Researchers from University of Exeter suggested that use of opioid painkillers in dementia could cause severe side effects.
Researchers from the University of Exeter, in collaboration with King’s College London and the University of Bergen reported a study at the Alzheimer’s Association International Conference 2018 (AAIC), held in Chicago, Illinois during July 22-26, that details the increase in harmful side effects related to prescription of opioid-based painkillers in people suffering from dementia. The researchers studied 162 Norwegian care home residents in a randomized controlled trial and found a significant rise in side effects including, personality changes, confusion and sedation. Such side effects lead to severe impact on people suffering from dementia. Opioid-based painkillers are often used in treatment of dementia due to their ability to ease pain effectively. However, it often comes with adverse effects. Around half of people with dementia who are living in care homes experience clinically significant pain. Buprenorphine—a commonly used opioid-based painkiller was related to harmful side-effects that were more than tripled. Furthermore, patients prescribed with buprenorphine were significantly less active during the day.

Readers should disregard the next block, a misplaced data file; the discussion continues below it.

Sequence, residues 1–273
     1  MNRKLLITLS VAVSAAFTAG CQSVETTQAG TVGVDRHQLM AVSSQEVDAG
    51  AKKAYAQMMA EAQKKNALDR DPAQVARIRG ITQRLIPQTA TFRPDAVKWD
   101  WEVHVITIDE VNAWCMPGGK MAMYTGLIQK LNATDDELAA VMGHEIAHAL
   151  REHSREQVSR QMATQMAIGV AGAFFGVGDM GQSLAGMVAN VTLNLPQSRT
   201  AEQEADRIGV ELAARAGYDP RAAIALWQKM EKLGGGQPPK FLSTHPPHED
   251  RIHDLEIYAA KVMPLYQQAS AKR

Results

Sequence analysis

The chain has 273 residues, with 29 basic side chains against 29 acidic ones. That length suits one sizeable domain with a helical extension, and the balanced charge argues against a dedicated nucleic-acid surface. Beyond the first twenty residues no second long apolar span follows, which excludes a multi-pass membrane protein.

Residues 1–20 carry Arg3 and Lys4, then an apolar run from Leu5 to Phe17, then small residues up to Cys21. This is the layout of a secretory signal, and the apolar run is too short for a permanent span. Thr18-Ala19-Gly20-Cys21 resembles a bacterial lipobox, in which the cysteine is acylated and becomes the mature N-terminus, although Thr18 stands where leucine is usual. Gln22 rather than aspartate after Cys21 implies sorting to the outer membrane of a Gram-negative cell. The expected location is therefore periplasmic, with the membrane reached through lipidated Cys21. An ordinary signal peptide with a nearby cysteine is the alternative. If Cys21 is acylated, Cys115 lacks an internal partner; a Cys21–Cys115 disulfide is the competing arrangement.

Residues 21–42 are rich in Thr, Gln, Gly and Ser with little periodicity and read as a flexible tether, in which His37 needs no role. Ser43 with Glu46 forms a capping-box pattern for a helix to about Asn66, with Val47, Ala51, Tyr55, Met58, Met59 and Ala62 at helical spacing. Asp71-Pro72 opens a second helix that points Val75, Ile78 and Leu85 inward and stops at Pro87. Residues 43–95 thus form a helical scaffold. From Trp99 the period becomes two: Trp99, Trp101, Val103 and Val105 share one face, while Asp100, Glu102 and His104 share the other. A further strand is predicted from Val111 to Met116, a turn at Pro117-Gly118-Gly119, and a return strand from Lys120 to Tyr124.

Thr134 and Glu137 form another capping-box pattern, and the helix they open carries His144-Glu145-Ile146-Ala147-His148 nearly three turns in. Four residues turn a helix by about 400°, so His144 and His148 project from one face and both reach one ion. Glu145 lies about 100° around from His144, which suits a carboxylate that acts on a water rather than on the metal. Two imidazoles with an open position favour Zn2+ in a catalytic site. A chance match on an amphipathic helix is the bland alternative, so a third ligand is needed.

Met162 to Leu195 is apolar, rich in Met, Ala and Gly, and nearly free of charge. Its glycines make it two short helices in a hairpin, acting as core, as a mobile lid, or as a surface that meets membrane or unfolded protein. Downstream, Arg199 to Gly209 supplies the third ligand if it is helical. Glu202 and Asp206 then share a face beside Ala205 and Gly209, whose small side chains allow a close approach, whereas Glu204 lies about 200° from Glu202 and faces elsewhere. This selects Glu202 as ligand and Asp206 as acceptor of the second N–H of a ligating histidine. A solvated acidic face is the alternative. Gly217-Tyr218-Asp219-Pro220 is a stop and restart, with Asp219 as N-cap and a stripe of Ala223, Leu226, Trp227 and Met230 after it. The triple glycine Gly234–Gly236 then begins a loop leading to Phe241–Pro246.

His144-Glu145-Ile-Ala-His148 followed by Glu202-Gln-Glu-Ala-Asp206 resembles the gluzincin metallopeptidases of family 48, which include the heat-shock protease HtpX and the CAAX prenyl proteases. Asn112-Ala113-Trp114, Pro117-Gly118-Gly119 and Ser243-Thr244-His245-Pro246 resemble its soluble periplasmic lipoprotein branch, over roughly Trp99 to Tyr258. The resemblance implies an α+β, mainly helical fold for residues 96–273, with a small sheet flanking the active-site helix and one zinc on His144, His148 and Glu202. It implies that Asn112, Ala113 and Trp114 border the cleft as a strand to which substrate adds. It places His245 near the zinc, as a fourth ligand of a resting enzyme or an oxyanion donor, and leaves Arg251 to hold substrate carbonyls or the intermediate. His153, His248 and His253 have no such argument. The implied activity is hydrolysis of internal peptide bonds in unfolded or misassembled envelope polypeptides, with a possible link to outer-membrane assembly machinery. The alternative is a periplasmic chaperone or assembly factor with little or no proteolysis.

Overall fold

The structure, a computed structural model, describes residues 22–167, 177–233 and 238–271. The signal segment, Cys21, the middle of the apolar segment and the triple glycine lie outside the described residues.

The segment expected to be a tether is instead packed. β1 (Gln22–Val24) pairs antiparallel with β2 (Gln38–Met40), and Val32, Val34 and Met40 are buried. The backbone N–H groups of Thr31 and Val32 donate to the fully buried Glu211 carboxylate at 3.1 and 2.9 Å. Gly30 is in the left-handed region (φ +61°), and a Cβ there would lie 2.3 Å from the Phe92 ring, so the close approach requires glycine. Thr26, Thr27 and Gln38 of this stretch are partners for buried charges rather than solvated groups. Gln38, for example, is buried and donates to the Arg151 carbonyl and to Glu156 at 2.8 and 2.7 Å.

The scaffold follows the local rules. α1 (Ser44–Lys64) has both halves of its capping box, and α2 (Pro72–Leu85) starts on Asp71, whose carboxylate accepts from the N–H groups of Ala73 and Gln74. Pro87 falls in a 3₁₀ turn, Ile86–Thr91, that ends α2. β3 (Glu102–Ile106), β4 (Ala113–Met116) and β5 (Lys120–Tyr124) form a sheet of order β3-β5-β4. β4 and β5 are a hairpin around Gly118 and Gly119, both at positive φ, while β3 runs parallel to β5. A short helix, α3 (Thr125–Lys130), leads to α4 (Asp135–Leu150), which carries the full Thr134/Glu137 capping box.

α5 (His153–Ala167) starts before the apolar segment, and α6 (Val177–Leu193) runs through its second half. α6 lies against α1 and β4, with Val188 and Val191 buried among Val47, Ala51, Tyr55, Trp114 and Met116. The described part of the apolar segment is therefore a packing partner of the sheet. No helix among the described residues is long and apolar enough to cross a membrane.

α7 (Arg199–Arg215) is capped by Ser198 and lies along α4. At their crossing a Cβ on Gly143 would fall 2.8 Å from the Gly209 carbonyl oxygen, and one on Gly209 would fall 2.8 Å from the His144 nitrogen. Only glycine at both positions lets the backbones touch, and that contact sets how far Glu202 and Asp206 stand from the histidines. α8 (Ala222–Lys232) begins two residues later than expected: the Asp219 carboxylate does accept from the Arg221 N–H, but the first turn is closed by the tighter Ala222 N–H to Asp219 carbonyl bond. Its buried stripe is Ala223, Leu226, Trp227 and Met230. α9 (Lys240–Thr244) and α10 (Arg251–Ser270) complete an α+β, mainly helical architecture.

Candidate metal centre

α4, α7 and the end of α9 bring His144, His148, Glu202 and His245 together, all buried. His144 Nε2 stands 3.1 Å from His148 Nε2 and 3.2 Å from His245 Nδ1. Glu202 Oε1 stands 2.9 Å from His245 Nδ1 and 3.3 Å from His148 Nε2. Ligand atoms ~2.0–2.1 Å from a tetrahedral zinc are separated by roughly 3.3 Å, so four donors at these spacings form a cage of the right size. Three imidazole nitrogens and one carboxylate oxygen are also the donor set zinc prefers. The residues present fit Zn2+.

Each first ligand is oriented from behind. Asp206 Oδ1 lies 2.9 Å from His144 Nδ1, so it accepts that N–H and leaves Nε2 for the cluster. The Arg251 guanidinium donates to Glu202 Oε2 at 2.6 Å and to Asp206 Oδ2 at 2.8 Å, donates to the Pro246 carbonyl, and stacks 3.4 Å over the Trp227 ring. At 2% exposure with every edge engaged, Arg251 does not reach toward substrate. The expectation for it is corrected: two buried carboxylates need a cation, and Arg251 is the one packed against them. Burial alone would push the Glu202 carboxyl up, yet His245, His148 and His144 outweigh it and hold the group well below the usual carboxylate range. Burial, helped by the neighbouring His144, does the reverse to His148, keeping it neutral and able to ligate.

The researchers studied effects of opioid-based painkillers on mouse models suffering from Alzheimer’s. It was observed that Alzheimer’s mice were sensitive to morphine while treating for arthritis. These mice experienced more adverse effects when normal doses of morphine was injected in them. Furthermore, it was analyzed that the Alzheimer’s mice produced more of the body’s natural endogenous opioids such as endorphins. However, the mice without Alzheimer’s were less sensitive to opioid-based painkillers. The researchers concluded that use of opioid- based painkillers needs to be regulated in patients suffering from dementia to prevent unnecessary harm and deaths.